ATLANTA, GEORGIA, US — Art Hibbs, an influential figure in the global milling industry over many decades, celebrated his 100th birthday on Oct. 23 with family and friends in Atlanta.
Known for his expertise as a technical miller, Hibbs co-authored both editions of the book, “Wheat Flour Milling,” which is referred to by millers worldwide.
His work as a member of the International Association of Operative Millers (IAOM) spanned decades and influenced the careers of many flour millers.
Paul Brennan, a retired Canadian miller and former IAOM president, said he had the privilege of working with Hibbs on the IAOM Technical Committee.
“Upon becoming a member of that committee after my term on the board ended, I gradually got to know Art better and to realize his substantial contribution to the technical committee’s activities, always with the interest of the practical miller in mind,” Brennan said. “He was always approachable and willing to share his vast knowledge with all who cared to discuss the many aspects of our industry’s operations. Art always was, and yet remains, a shining example of a ‘gentleman’s gentleman.’”
A Kansas native, Hibbs worked at his family’s grain elevator and feed store before attending Kansas State University, where he received a degree in milling technology in 1943.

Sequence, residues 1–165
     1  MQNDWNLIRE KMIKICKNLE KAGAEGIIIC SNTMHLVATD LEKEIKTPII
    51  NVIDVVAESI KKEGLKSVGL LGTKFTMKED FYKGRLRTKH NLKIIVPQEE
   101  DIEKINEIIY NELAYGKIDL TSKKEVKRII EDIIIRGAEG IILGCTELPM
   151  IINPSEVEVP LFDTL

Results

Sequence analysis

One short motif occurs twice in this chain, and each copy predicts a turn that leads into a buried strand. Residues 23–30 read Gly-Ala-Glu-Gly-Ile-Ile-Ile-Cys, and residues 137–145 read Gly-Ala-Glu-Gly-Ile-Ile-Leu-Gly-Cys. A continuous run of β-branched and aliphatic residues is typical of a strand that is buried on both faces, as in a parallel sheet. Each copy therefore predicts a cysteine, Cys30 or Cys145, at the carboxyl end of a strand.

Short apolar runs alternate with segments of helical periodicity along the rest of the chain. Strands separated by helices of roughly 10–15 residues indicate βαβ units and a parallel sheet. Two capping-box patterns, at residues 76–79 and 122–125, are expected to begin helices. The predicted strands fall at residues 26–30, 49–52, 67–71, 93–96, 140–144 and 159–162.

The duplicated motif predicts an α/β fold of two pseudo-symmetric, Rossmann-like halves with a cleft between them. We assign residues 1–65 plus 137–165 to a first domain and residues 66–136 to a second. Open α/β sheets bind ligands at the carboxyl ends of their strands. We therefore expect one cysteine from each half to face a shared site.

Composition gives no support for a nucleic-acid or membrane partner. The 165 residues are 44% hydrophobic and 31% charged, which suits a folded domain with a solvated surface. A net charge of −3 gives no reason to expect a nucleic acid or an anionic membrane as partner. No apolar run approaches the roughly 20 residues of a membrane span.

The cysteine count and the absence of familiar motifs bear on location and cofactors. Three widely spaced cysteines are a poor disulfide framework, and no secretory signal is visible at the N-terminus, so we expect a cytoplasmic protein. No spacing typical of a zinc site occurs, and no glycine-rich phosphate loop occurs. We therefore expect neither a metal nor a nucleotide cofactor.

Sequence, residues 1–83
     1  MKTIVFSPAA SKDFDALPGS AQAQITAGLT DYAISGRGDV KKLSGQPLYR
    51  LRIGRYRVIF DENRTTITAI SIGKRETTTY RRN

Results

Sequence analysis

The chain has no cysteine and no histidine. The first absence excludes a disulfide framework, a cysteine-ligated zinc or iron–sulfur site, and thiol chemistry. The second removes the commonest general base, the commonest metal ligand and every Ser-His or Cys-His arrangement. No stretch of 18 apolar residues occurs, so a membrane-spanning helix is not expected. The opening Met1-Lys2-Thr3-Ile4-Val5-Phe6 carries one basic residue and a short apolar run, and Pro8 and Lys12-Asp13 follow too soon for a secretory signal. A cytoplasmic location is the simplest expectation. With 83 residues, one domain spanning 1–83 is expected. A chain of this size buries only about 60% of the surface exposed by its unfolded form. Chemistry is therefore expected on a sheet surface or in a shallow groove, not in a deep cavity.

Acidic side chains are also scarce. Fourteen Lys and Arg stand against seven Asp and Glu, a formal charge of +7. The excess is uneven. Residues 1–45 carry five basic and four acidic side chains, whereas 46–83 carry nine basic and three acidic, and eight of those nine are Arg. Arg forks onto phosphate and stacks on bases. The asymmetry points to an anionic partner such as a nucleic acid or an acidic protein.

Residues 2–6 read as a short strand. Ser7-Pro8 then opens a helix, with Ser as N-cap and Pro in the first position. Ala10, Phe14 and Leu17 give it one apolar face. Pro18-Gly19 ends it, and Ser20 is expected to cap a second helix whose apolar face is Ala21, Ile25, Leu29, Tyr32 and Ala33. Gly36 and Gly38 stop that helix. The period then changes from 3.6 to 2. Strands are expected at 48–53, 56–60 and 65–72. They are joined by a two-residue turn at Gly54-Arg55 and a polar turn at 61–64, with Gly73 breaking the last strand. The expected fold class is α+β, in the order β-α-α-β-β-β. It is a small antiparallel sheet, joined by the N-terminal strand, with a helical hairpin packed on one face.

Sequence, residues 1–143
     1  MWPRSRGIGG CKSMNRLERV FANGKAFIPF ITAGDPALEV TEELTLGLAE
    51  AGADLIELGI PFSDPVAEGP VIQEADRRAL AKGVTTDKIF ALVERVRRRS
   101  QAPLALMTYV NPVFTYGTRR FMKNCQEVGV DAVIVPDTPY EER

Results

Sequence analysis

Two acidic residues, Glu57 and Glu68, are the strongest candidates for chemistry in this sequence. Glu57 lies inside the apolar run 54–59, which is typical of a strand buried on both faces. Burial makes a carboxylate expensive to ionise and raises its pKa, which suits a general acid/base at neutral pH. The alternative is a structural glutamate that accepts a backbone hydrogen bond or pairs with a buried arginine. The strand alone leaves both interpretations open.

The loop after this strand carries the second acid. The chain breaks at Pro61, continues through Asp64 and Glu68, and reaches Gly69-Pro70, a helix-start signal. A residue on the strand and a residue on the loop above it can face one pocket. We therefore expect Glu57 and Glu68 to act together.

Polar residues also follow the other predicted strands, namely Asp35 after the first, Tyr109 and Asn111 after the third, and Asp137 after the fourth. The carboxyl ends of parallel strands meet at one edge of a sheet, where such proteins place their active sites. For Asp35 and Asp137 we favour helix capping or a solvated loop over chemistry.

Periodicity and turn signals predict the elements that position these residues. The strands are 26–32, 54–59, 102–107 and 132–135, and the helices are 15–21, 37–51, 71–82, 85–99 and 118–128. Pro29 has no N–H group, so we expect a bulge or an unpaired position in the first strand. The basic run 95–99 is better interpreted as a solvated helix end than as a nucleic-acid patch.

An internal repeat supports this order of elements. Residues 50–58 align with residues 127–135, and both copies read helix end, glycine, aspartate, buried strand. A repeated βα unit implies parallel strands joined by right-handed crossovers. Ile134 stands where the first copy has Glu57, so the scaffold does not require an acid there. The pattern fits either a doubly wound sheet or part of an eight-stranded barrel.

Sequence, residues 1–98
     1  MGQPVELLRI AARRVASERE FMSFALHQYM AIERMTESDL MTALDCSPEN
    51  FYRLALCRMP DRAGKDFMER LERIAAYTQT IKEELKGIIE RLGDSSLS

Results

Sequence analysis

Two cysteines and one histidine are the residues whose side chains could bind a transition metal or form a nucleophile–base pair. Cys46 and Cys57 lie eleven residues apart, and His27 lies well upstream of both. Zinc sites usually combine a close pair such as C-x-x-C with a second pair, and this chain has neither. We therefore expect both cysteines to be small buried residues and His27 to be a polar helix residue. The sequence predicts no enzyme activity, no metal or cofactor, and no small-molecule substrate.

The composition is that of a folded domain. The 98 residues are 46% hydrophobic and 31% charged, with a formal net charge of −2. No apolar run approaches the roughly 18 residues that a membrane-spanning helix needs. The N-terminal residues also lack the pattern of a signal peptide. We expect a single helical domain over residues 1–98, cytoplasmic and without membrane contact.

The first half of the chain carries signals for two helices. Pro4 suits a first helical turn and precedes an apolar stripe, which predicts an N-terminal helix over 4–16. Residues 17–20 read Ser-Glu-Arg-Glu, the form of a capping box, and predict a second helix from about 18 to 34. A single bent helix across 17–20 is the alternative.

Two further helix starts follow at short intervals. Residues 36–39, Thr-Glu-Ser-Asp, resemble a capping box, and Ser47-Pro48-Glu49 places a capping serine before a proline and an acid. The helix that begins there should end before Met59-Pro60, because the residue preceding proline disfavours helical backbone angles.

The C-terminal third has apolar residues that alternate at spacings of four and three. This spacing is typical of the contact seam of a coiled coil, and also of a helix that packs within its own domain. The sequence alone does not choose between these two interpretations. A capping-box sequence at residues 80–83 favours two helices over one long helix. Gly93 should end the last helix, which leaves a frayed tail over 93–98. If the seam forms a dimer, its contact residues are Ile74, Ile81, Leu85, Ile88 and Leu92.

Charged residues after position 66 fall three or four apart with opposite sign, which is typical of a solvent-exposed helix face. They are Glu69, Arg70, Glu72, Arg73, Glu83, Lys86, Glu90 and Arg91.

He fought in World War II as a captain in the corps of combat engineers in Europe, and also provided flour milling capacity and capability intelligence to the Allies.
After the war, he returned to Kansas State and received a master’s degree in milling science in 1947.
During the next four years, he worked on developing and promoting impact milling while employed by Safety Car Heating and Lighting, owners of the Entoletor.
He joined the International Milling Co. in 1951 and was named its eastern division milling superintendent four years later.
In 1965, Hibbs was transferred to the corporate headquarters in Minneapolis, Minnesota, US, and was promoted to director of corporate grain processing technology for International Milling’s mills in the United States, Canada and South America.
He provided technical assistance to the US Wheat Associates when a wheat shipment to London, England, was held up due to ergot contamination. The solution — a cleaning system that removes ergot — saved the shipment from being rejected.
After officially retiring from the milling industry in 1988, he formed his own international consulting business providing technical services for milling operations in the Americas, the Caribbean, the Pacific Rim, Eastern Europe and North Africa.
During this time, he worked on assignment for the World Bank in Albania, assessing and advising on the country’s wheat flour milling capabilities and capacities.
His work with the IAOM spanned many decades and he held many different positions within the association. He was a long-serving member of the technical and education committees and was the driving force in getting the IAOM correspondence courses translated into Spanish.
Hibbs, who was IAOM president in 1968, received the organization’s highest honor in 1986 when he received the Gold Medal award for exemplary service.
He is one of only 22 IAOM members to receive the award during the association’s 125-year history.